Biologics have helped to revolutionize care for conditions ranging from psoriasis to cancer, but they often come with a sky-high price tag.
“Those products are very effective … but they are also extremely costly,” says Róbert Wessman, founder and executive chair of Iceland-based Alvotech. “Some of the treatments cost over $100,000 per patient, per year. Just to put that into perspective, because those products are so pricy, 40% of the U.S. spend is on biologics today, but [they represent] only 5% of all prescriptions.”
Alvotech is on a mission to help bring those costs down by creating a suite of biosimilars — near copies — of leading biologic medications. With the help of several strong commercial partnerships, it’s now poised to bring many of these biosimilars to a global market as its products approach the finish line.
“Overall, we have a pipeline of eight products. We expect to have five of those eight on the market by the end of 2025,” Wessman says.
The company’s first biosimilar to gain approval in Europe and Canada was AVT02 (adalimumab), a copycat of Humira, the world’s bestselling drug, which has seen $200 billion in global sales since it was approved for use in the U.S. in 2002. Although its biologics license application is currently on deferred status pending FDA review, Alvotech’s biosimilar to the autoimmune blockbuster is slated to launch in the U.S. on July 1, 2023. The biosimilar is also under review in several other countries.
"Overall, we have a pipeline of eight products. We expect to have five of those eight on the market by the end of 2025."
Founder, executive chair, Alvotech
Among the other advanced candidates in Alvotech’s pipeline are biosimilars for the immunology treatment Stelara (ustekinumab), which successfully demonstrated therapeutic equivalence in May. Also in clinical trials, are biosimilars for Xolair (omalizumab), a respiratory therapeutic often used to treat moderate to severe asthma and Eylea (aflibercept), which is used to treat a number of serious eye conditions, including wet age-related macular degeneration, macular edema and diabetic retinopathy.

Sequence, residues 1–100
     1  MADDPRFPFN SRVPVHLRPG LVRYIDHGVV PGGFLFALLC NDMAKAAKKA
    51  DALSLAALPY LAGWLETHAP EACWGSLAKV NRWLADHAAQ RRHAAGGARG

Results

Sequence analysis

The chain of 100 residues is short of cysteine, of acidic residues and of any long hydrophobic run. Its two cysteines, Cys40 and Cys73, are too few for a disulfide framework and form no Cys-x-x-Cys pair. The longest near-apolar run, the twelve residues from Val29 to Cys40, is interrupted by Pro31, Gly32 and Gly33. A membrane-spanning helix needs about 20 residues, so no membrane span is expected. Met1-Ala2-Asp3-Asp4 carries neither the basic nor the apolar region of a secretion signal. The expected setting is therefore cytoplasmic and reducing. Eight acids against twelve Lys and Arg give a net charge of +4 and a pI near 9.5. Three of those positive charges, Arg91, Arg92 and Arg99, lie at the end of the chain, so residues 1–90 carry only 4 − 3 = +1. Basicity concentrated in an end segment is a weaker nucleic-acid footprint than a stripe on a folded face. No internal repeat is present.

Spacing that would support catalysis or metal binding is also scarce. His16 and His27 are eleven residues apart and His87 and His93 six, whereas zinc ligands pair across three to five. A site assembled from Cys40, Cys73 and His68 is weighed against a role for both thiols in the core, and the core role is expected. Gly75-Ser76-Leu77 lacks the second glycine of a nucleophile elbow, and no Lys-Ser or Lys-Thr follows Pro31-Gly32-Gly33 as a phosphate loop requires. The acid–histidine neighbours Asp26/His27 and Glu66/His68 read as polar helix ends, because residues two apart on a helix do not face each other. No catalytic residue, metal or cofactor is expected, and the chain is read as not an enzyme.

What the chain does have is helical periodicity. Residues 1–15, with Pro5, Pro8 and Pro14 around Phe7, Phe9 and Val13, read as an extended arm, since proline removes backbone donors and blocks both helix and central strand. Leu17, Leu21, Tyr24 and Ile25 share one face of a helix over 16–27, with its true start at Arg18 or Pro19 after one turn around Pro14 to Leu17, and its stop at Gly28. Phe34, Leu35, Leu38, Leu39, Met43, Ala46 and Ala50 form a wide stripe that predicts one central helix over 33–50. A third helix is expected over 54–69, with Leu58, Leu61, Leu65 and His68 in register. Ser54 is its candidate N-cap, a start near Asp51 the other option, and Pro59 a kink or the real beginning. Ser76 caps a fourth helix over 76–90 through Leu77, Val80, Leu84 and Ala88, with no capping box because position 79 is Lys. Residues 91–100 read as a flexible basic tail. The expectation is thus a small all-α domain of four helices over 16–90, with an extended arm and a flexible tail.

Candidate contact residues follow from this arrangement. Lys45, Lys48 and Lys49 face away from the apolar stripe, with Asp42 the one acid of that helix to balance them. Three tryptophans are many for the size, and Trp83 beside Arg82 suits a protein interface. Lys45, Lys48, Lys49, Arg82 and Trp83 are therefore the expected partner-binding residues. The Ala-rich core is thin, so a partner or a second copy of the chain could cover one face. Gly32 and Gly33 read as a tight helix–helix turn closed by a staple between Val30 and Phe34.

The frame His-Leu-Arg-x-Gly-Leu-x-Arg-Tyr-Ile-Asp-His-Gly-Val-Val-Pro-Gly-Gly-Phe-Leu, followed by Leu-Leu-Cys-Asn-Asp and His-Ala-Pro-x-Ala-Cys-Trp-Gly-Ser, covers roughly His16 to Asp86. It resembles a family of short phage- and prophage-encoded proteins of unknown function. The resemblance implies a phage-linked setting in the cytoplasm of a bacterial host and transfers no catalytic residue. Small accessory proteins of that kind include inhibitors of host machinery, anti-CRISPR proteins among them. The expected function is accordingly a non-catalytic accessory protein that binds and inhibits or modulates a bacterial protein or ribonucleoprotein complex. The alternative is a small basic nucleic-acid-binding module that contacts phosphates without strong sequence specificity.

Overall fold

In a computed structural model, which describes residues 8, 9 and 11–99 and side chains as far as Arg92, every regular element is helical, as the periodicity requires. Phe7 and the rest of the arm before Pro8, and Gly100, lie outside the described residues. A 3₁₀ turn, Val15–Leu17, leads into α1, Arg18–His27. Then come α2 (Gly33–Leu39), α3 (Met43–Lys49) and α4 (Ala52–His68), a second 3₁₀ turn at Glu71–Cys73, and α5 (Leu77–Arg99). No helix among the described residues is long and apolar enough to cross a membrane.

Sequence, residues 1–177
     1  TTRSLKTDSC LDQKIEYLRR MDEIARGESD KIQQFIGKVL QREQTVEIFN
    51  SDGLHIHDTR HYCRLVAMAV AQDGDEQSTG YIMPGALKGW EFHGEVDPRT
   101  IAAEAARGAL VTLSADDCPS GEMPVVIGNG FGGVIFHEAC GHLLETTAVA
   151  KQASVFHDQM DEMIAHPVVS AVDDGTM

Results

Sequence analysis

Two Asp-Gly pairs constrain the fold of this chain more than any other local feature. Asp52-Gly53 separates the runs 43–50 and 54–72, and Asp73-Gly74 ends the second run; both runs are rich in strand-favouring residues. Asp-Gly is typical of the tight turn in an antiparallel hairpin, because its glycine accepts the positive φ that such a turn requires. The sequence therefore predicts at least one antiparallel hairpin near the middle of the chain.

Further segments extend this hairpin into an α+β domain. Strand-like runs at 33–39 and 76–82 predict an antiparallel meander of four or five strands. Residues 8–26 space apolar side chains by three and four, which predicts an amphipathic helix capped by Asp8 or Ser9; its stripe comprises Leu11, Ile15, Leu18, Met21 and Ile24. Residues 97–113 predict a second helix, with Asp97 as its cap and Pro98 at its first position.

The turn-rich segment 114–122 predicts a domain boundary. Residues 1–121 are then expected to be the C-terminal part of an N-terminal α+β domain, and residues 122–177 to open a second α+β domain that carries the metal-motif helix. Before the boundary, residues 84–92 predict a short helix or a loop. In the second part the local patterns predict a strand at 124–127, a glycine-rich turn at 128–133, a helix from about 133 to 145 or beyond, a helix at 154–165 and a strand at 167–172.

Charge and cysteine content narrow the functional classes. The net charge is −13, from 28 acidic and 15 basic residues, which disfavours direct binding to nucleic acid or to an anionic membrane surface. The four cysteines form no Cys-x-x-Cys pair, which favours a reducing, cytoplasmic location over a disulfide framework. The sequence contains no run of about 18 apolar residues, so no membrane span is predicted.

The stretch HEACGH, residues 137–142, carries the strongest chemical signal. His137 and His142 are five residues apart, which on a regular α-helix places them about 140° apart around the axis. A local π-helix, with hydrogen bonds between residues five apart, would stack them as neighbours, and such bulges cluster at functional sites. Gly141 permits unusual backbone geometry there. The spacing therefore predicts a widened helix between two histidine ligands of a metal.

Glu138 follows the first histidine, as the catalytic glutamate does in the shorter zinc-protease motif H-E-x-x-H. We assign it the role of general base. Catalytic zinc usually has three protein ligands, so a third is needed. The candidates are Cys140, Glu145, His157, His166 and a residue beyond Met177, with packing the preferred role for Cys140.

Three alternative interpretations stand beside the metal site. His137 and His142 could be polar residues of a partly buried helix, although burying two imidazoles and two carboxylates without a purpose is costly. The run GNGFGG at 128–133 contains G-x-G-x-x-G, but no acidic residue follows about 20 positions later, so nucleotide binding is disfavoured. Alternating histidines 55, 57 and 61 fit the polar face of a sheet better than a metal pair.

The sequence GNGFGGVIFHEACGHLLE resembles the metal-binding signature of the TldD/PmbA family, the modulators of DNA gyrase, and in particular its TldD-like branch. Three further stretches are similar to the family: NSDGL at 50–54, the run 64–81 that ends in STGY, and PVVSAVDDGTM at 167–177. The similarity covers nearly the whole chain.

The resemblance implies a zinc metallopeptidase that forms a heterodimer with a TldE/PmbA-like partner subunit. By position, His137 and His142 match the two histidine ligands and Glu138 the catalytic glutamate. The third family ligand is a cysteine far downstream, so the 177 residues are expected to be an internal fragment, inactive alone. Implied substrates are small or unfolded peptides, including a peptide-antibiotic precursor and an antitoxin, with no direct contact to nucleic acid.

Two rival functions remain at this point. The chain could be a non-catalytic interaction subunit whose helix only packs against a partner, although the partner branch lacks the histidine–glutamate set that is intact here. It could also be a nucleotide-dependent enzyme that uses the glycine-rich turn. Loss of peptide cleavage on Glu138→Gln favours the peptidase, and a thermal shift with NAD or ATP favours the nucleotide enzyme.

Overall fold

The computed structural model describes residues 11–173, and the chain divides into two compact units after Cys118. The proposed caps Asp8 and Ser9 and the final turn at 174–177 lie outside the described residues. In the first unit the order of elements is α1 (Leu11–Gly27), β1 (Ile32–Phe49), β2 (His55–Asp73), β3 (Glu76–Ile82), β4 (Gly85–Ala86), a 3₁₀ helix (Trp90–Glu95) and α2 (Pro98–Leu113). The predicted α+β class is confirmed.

On Aug. 25, the company also initiated a confirmatory patient study for Prolia/Xgeva (denosumab), a drug commonly used to treat bone loss, fracture and osteoporosis as well as in oncology.
“We believe the next three, four years for us will be very, very exciting,” Wessman says.
A complicated road to savings
The FDA has pushed to help make biosimilars more available in the U.S. where they lag significantly behind Europe in availability. Much like generic drugs, biosimilars have the potential to help rein in high drug costs for patients.
In the U.S., some of the drag on biosimilar availability is related to issues surrounding patents. A bipartisan group of U.S. senators recently called on the U.S. Patent Office to crack down on the drug company practice of applying for multiple patents for a single product, which they say is designed to artificially extend the patent on a product to fend off competition. AbbVie’s patent on Humira, for example, expired in 2016, but the company has 132 other related patents on the drug, which led to a lawsuit filed by welfare-benefit plans that pay for the biologic. The groups charged that the company was using patents to unlawfully block competitors from the market. The U.S. Court of Appeals for the Seventh Circuit, however, ruled in AbbVie’s favor, saying that patent laws don’t limit the number of patents a company can hold.